We present K-band interferometric measurements of the limb-darkened (LD) intensity profile of the M 4 giant star ψ Phoenicis obtained with the Very Large Telescope Interferometer (VLTI) and its commissioning instrument VINCI. High-precision squared visibility amplitudes in the second lobe of the visibility function were obtained employing two 8.2 m Unit Telescopes (UTs). This took place one month after light from UTs was first combined for interferometric fringes. In addition, we sampled the visibility function at small spatial frequencies using the 40 cm test siderostats. Our measurement constrains the diameter of the star as well as its center-to-limb intensity variation (CLV). We construct a spherical hydrostatic PHOENIX model atmosphere based on spectrophotometric data from the literature and compare its CLV prediction with our interferometric measurement. We compare as well CLV predictions by plane-parallel hydrostatic PHOENIX, ATLAS 9, and ATLAS 12 models. We find that the Rosseland angular diameter as predicted by comparison of the spherical PHOENIX model with spectrophotometry is in good agreement with our interferometric diameter measurement. The shape of our measured visibility function in the second lobe is consistent with all considered PHOENIX and ATLAS model predictions, and is significantly different to uniform disk (UD) and fully darkened disk (FDD) models. We derive high-precision fundamental parameters for ψ Phe, namely a Rosseland angular diameter of 8.13 ± 0.2 mas, with the Hipparcos parallax corresponding to a Rosseland linear radius R of 86 ± 3 R⊙, and an effective temperature of 3550 ± 50 K, with R corresponding to a luminosity of \\log L/L⊙=3.02 ± 0.06. Together with evolutionary models, these values are consistent with a mass of 1.3 ± 0.2 M⊙, and a surface gravity of \\log g = 0.68 ± 0.11. Based on public data released from the European Southern Observatory VLTI obtained from the ESO/ST-ECF Science Archive Facility. The VLTI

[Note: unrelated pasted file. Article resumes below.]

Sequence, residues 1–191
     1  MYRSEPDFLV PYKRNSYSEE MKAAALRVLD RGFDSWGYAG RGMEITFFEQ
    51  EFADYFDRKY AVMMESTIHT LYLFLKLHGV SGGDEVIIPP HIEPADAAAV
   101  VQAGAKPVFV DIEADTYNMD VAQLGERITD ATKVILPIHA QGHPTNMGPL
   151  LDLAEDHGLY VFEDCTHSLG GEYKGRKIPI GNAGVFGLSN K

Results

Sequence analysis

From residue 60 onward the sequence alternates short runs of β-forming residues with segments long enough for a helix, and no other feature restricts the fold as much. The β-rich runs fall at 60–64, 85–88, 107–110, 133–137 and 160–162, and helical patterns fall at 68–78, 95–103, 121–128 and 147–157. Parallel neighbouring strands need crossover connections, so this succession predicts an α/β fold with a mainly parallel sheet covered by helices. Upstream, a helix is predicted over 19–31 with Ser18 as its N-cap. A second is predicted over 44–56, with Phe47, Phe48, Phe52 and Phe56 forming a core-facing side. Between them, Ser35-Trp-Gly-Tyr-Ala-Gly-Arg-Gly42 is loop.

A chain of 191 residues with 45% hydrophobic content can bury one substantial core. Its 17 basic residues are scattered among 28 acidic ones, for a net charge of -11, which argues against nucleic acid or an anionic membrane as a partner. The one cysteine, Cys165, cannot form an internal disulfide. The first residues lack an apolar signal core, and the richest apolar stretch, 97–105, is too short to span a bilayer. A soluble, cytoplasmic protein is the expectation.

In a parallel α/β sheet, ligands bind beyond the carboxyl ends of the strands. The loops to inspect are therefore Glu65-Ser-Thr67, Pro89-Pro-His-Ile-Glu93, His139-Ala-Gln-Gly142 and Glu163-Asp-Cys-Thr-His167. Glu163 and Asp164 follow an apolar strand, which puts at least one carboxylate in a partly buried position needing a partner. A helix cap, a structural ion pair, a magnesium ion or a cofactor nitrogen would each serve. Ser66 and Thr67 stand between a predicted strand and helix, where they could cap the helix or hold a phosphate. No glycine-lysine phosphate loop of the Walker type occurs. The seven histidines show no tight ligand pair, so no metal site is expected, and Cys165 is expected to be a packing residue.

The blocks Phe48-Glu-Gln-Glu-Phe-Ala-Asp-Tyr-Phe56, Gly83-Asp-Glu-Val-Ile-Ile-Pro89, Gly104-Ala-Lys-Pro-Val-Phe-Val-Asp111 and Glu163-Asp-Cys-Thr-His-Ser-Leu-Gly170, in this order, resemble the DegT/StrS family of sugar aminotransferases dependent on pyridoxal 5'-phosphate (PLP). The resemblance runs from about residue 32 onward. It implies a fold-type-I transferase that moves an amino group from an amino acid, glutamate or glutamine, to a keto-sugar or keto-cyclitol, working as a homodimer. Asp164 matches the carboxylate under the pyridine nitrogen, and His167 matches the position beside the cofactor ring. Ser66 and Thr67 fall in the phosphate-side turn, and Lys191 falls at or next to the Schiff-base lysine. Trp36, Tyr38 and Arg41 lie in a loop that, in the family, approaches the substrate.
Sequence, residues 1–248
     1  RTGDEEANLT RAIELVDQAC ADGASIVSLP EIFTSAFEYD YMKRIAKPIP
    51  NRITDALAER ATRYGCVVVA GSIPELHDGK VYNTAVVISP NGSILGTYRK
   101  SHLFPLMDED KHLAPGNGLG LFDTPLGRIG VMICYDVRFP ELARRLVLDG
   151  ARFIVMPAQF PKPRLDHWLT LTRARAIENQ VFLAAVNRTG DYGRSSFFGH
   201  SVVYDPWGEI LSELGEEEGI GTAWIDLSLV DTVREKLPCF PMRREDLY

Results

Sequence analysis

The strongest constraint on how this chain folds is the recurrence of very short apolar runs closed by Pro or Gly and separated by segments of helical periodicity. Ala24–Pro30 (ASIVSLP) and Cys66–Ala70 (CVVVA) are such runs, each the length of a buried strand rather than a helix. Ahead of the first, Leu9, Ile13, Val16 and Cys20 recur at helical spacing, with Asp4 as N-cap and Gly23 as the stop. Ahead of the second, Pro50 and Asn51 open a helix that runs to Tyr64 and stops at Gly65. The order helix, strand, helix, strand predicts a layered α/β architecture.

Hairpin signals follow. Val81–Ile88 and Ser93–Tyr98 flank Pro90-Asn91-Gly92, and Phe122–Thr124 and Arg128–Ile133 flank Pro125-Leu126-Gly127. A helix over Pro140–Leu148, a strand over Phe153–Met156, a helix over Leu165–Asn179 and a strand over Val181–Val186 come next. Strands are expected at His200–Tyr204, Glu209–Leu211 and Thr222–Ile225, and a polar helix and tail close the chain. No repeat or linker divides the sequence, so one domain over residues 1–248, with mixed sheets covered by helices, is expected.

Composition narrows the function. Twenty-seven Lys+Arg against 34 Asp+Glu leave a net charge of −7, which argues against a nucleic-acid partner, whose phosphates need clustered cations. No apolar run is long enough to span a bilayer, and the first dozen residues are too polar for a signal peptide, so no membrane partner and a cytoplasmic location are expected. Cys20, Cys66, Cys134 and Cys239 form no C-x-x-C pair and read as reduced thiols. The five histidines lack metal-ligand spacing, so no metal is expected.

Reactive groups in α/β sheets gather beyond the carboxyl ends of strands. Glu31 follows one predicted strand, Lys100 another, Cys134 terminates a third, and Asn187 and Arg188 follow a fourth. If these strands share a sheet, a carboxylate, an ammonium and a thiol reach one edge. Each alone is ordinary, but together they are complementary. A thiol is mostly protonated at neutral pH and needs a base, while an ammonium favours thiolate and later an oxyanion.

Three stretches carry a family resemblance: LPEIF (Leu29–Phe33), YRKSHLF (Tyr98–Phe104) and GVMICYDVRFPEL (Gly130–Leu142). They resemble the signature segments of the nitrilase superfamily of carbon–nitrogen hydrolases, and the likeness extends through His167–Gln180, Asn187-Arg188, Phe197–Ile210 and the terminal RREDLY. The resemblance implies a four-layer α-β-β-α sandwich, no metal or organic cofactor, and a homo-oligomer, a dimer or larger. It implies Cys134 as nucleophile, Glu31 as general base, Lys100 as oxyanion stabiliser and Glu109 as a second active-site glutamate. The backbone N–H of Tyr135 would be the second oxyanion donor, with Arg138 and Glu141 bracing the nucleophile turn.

19. Intercomparison test of various aerosol measurement techniques

    International Nuclear Information System (INIS)

    Cherdron, W.; Hassa, C.; Jordan, S.

    1984-01-01

    At the suggestion of the CONT group (Containment Loading and Response), which is a subgroup of the Safety Working Group of the Fast Reactor Coordinating Committee, a group of experts undertook a comparison of the techniques of sodium aerosol measurement used in various laboratories in the EC. The following laboratories took part in the exercise: CEN-Mol (Belgium), CEA-Cadarache (France), CEA-Fontenay-aux-Roses (France), KfK-Karlsruhe (Federal Republic of Germany), ENEA-Bologna (Italy), and UKAEA-Winfrith (United Kingdom). The objective of the aerosol measurement workshop was to assess the applicability and reliability of specific aerosol measuring instruments. Measurements performed with equipment from the participating laboratories were evaluated using a standard procedure. This enabled an estimate of the accuracy of the experimental data to be provided for the verification of aerosol codes. Thus these results can be used as input for the physical modelling of aerosol behaviour, and the work reported here is a contribution to the definition of the radioactive source term for severe accidents in LMFBRs. The aerosol experts participating in the exercise agreed to concentrate on the techniques of measuring aerosol particle size distributions. The tests were performed at the FAUNA test facility using the aerosol loop. A sodium spray fire, which provides a continuous aerosol source of variable concentration, was produced under open-loop conditions in this facility. Although the primary objective of the workshop was to determine the particle size distributions of the aerosols, measurements of the sodium mass concentration were also made

  20. On measurements and models

    International Nuclear Information System (INIS)

    McDonald, J. C.

    2012-01-01

    The 2011 Nobel Prize for physics was awarded to three astronomers for their measurements that were interpreted as providing evidence of an acceleration in the expansion of the universe rather than a slowing, as had been expected. The subsequent theoretical explanation, or model, of the observed phenomenon led to the postulation of 'dark matter' or 'dark energy'. The implications of this new form of energy are startling to say the least. The following quote came from an article about the Nobel Prize award in the New York Times. If the universe continues accelerating, astronomers say, rather than coasting gently into the night, distant galaxies will eventually be moving apart so quickly that they cannot communicate with one another and all the energy will be sucked out of the universe. (author)